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What is an Arraignment?
An arraignment is generally the first appearance made in front of a Judge in court after a criminal charge is made. Sometimes the person charged is in jail, out on bond, or summoned to be present.
What Happens at Arraignment?
The procedural requirements for the initial appearance of the defendant are essentially the same for district and circuit courts. The initial appearance or arraignment generally proceeds as follows:
- The court should first determine whether the defendant is properly before the court.
- The court should notify the defendant of the charge.
- The court should advise the defendant of his or her rights.
- The court should give the parties an opportunity to obtain the presence of counsel.
- Release on bail or recognizance must be reviewed by the court.
- The defendant should be permitted to submit preliminary motions and given a reasonable time to file further motions.
- A plea should be entered for the defendant.
Notification of Charges
The court must give the defendant notice of the charges against him or her. In both the district court and the circuit court, this is accomplished by informing the defendant, in open court, by either reading or stating the substance of the charge.
Where the defendant has counsel prior to arraignment, the reading of the charge(s), or formal arraignment, is normally waived as counsel has either previously ascertained the charge (in the case of a misdemeanor) or has been provided with a copy of the indictment. In the absence of counsel, formal arraignment is required.
Your Right to Counsel at Initial Appearance or Arraignment
Each defendant must be informed of his or her right to an attorney. If the defendant may be imprisoned following conviction of the crime charged, but cannot financially pay an attorney, the judge will appoint counsel for the defendant. The right to court-appointed counsel does not include the right to a particular attorney.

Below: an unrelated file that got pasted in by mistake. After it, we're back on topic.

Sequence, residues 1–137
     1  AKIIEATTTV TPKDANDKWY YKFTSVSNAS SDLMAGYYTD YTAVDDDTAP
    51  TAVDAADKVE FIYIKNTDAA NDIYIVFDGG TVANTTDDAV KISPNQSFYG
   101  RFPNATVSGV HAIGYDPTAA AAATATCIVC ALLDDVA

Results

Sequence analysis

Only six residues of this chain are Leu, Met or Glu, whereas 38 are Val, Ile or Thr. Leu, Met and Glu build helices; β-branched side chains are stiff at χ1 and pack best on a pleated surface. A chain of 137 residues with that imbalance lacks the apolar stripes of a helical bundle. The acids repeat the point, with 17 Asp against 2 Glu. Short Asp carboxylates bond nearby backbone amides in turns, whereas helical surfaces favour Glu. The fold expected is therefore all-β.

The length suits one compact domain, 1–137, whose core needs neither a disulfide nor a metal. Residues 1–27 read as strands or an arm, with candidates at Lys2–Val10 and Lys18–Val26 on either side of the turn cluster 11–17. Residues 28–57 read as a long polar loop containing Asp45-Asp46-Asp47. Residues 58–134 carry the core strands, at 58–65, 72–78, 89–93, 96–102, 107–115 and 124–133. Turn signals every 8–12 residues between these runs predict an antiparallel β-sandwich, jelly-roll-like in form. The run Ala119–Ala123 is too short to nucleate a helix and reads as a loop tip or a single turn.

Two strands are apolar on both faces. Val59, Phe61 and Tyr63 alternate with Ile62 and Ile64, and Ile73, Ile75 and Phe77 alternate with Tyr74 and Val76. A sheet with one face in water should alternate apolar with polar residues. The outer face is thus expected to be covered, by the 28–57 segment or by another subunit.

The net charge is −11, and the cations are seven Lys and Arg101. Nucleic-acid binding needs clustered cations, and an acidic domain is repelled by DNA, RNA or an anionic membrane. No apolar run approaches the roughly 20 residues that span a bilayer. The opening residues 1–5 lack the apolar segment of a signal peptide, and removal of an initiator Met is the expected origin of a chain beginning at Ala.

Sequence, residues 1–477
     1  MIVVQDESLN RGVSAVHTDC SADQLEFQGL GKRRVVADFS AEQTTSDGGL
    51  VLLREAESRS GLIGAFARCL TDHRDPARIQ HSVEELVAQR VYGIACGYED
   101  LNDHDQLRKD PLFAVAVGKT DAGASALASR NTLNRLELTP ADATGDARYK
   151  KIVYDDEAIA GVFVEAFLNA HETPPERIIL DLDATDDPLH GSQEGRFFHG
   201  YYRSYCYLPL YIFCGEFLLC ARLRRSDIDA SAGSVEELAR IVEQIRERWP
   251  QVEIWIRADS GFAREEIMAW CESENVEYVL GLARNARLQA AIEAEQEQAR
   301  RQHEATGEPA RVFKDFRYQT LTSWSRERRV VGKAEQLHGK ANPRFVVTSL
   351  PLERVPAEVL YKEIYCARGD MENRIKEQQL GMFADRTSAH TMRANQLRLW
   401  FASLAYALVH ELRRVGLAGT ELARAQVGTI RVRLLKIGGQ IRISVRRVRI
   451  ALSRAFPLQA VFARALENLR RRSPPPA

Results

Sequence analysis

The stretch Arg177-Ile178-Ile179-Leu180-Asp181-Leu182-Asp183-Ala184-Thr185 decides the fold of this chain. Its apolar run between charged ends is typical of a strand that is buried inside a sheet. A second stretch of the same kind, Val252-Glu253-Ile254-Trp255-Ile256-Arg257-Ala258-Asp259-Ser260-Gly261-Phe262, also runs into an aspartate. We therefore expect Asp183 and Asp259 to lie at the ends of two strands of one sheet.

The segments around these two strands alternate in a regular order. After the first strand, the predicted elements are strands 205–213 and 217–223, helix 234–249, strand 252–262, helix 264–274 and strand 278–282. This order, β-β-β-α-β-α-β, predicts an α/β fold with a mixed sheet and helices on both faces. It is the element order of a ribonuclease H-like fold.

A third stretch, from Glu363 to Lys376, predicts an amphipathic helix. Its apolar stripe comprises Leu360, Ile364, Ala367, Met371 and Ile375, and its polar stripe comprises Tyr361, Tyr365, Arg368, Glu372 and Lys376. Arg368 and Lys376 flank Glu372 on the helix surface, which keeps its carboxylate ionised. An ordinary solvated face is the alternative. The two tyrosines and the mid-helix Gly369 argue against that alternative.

The Role of Defense Counsel at Initial Appearance
At an arraignment, a criminal defense attorney will appear with a defendant and assist in entering a plea, address any issues with setting bail, and insure all the necessary requirements have been met for the prosecution to proceed. However, an experienced criminal defense attorney will so examine the charges and warrant. If the warrant or complaint is deficient, the attorney can seek to have the change dismissed. The prosecution must satisfy certain requirements for a warrant or complaint to be valid.
Any case that begins with the issuance of an arrest warrant, has the requirement that bailable offenses be fixed and endorsed on the warrant.
- District Court – At the arraignment, the district court is required to provide an opportunity for the release of the defendant on bail or on their own recognizance.
- Circuit Court – If a defendant is in custody, bail should already have been set, either upon the issuance of the circuit court arrest warrant or as a result of proceedings in the district court.
Except in capital cases, a defendant must be considered for pretrial release on bail or on their own recognizance (known as ROR, released on own recognizance) without having to make a formal application.
Making a Plea at Arraignment
In some cases, a criminal charge will be resolved at arraignment. In District Court, an offer of pretrial diversion may be made. In Circuit Court some cases are offered a “rapid disposition” or “rocket docket” agreement. In these situations, a defendant will plead guilty at arraignment in return for a quick resolution.
Defendants should be careful about entering a plea through one of these faster routes since it waives all rights to the discovery process and trial. That is not to say that they should never be taken. In some situations, the prosecution's offer for rapid disposition is the best option for defendants.